I’m surprised that WBZ news didn’t call for my commentary on the goings on around Boston yesterday. I suppose with all the mayhem caused by the volcano keeping many of our European runners away, they forgot what a valuable contributor I would have been. Their loss, the blogs gain.
In the interest of truth and honesty, you should know that I’ve been living in Boston for nearly six years and have never seen the marathon. For two or three years I actually lived on the route and just never wandered over to watch. It’s terrible, I know, but I can’t change the past. Nowadays my company doesn’t give us the faux Patriot’s Day holiday and I really can’t justify taking off work and using a vacay day to watch a bunch of people show me what little self discipline I have.
I think I’m also secretly afraid that I’d be so overwhelmed with emotion and good spirits that I’d do something stupid like sign up for the marathon. It sounds out of control, but that’s exactly how my life goes. After finishing my last half marathon, I made a video explicitly to remind myself to never, ever do it again. Apparently I wasn’t clear enough with myself because I’m running another half in about a month.
For those of you who do not live in the Boston area and/or are not familiar with Marathon Monday I’ll give you the highlights:
• lots of people. It’s actually a little hard to tell who is running the marathon and who is dressed like they are running the marathon. Lots of jogging happening, which is usually a big “I’m not actually running the marathon” red flag. Everyone knows you don’t go running around willy nilly when you’re supposed to be running a marathon in 24 hours.
• plenty of open restaurant reservations… as long as you don’t want to eat at 5:30. I dont know what it is about runners, but they eat dinner at 5. Then they go get crazy at an oxygen bar or something and are tucked in watching Dateline by 8:30.
• jackets, jackets everywhere. This is a faux tradition and the jury (me) is still out. At first I thought it was cool to see people from every year wearing their respective jacket, but then I found out you can buy the jackets at City Sports and I didn’t feel quite the same about it. And then I got to thinking about it some more and wondered how I’d feel if that’s how the world worked. Could get sticky. I mean, do olympians wear their track suits from previous years to the opening ceremonies? No. And you know why? Because unless you hit someone with two by four or accidentally got hooked on meth post-games no one is going to remember your name. And it makes you seem a little sad. Like I said, though, I’m still deciding whether I think it’s weird or not.
• velociraptor women. I feel kind of bad for these women, but I suppose turning into a tucked-up-mini-arm jogger with a jutted chin is the price you pay for being addicted to running. It’s not unlike leather faces with tributary lips… no ones fault but their own for not putting down the Dorals. Even when these ladies aren’t in their Asics and short-billed running hats there is no mistaking them. There’s not a sweater set in the world that can disguise a velociraptor.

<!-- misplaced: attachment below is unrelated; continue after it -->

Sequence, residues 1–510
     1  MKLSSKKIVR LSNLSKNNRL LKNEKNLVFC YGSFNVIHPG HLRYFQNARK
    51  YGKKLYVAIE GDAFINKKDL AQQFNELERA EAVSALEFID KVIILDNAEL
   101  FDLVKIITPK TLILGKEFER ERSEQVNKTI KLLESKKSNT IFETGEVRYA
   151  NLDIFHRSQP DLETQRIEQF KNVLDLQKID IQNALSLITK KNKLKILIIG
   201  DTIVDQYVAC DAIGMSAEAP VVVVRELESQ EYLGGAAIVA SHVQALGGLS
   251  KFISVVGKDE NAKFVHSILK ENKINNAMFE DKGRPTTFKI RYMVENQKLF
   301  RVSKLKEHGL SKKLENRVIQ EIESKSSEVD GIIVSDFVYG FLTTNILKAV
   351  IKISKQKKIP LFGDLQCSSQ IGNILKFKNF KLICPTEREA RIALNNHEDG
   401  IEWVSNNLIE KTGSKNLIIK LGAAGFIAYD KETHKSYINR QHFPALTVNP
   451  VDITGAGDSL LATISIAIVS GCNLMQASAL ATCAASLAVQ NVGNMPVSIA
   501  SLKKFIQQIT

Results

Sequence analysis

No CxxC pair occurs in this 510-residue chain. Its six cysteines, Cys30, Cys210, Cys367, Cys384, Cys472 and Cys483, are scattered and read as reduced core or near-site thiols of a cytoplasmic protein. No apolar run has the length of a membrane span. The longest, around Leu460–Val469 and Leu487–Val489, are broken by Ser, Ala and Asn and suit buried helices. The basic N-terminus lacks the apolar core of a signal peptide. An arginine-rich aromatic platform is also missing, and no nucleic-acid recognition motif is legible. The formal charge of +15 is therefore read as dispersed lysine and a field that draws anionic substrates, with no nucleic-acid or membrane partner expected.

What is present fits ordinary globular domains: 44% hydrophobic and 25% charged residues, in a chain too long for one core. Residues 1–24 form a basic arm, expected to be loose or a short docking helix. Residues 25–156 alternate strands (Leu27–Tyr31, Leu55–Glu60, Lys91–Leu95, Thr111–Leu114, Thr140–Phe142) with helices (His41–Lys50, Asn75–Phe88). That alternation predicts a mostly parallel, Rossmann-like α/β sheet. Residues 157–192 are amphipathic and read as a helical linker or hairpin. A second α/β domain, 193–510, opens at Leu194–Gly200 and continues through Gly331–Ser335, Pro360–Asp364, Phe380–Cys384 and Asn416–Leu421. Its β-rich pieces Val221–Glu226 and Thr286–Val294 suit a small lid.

• gratuitous outdoor activities are mandatory. It’s as if Boston cares very, very much they the throngs of marathoners and spectators understand how much we, as a city, value outdoor recreation. You have never seen so many speed walkers, roller bladers. picnickers, photographers, or joggers in your life. Trust me, I live here year round. The jogging you see in and around Marathon Weekend is for show. (I think it may also be a mating ritual. Casual girl jogger impresses boy marathoner with her sprightly pony tail and perfect form. We can all hope that next year he proposed to her at the finish line.)
• The news coverage goes from sun up to sun down. I’m fairly certain a nuclear attack on the US wouldn’t keep us from reporting upon whichever Ethiopian stomped all over our hopes of bringing the title back home. (I think we’ve even extended our definition of home to be “the general land mass of North America, including any disputable land masses near our shores.” Even a fucking Canadian would be patriotic at this point…
• The stories of soldiers running for their wounded or dead friends is enough to make you want to have an affair with a soldier.
I for one watched the coverage from the treadmill at Equinox. Let me tell you something, despite my general disinterest in the marathon, nothing in the last 6 months has made me feel like as big a loser as watching marathon results from the treadmill of my swanky gym. (Where I was panting through 5.5 miles.) Amputees we’re crossing the finish line in under three hours and there I was pissed that I’d left my iPod at work and was going to have to jog on a padded floor in an air conditioned room without tunes.
2 thoughts on “my thoughts on marathon monday”
I ran a half marathon in January. In the stupor of my runners high I boldly stated (to more than a handful of people) that I was going to run a marathon. I start training in a few weeks. Clearly I should have made a video. Or had you send me a copy of yours.
I remember Marathon time when I lived in Boston for a year.
I am never delusional enough to think running a marathon would be a good idea for me.
There’s a velociraptor woman in my class. I’m disturbed every time I see her. I’m also reminded that if you want to continue looking like an actual woman, you can’t run marathons.